January 24th marks the birthday of one of rock’s most gifted singer-songwriter-musicians. Regrettably, he left us nine years ago after a bout with lung cancer. (As he observed to David Letterman, "I might have made a tactical error in not going to a physician for 20 years.") But it’s a good reminder—whether we’re talking about individuals or organizations—that it’s not how long you stick around that matters, it’s the difference you make. (More on that in a moment.)
The difference this individual made as an artist is writing and recording some of the smartest (and most brilliantly satiric) songs in the canon of rock—including “Lawyers, Guns and Money,” “Werewolves of London,” “Poor Poor Pitiful Me,” “Hasten Down the Wind,” and “Tenderness on the Block” (all covered by famous artists from Linda Ronstadt to The Wallflowers). But the most moving of his compositions, to my ears, was the lyrical “Keep Me in Your Heart” which he started writing the day he was told his cancer was inoperable. Check out this clip—with pictures from the VH1 doc on the final recording session of the great Warren Zevon.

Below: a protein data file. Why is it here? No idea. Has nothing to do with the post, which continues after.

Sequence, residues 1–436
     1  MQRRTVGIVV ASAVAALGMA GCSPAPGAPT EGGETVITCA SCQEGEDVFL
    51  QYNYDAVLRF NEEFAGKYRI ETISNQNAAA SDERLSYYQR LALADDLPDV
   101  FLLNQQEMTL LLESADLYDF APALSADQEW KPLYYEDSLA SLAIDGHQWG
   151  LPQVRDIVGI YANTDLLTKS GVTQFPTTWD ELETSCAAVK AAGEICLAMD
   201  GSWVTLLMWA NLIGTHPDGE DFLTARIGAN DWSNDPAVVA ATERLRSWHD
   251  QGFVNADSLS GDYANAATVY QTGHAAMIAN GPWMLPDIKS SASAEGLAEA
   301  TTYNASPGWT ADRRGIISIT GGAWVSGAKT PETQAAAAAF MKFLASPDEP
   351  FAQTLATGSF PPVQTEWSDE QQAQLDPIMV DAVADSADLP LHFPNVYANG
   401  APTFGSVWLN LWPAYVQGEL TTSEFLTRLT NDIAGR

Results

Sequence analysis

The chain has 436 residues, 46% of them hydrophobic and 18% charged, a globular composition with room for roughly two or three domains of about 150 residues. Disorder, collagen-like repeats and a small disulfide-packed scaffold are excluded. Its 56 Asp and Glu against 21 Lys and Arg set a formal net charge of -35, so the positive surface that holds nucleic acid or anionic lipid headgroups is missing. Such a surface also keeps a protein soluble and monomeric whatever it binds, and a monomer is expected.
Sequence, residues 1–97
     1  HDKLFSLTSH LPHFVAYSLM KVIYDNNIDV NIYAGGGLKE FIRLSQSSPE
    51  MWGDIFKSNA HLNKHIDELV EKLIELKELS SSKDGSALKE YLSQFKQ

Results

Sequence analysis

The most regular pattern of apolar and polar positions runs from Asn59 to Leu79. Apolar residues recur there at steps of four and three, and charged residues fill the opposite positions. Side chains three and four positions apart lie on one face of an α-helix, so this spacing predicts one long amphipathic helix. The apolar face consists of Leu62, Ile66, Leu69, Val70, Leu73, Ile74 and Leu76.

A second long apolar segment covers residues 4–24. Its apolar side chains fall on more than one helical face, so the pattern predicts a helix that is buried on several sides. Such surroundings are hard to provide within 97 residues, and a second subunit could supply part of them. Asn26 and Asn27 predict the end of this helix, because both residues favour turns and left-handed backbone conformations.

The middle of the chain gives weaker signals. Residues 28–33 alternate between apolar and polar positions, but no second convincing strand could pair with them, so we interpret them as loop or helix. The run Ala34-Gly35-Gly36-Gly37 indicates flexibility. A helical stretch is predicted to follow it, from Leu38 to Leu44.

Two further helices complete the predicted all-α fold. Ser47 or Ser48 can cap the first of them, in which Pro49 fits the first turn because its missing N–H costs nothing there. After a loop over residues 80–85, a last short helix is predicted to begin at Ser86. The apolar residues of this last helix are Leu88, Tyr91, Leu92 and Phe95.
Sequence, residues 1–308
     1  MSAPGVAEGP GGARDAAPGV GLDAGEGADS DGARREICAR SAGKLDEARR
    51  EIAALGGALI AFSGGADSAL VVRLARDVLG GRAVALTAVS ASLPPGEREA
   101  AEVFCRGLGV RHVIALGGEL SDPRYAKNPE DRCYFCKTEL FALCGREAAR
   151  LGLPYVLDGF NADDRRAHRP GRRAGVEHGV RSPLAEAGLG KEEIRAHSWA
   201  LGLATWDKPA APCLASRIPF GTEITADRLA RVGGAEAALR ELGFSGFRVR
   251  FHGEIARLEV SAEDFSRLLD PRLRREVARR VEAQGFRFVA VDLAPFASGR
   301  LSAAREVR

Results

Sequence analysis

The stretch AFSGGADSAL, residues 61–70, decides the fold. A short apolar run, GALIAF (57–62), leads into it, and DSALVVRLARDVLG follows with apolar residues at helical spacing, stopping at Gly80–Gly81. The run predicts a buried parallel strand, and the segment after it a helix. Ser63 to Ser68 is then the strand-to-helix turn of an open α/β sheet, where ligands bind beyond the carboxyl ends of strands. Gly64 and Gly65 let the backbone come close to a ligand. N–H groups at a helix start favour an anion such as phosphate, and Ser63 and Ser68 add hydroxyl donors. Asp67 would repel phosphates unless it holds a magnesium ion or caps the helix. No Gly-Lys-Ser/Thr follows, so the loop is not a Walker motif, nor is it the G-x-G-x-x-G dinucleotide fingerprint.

For those of us who work at transforming—or in some cases resuscitating—organizations and businesses, the lesson is the same, however difficult it is to accept. Everything in the visible world has a life cycle. Whether as organizations or as individuals, we’re simply not “built to last.” (Lawyers, guns, and money won't change that.) Businesses and human beings all have expiration dates.
Our contributions, however, can be timeless.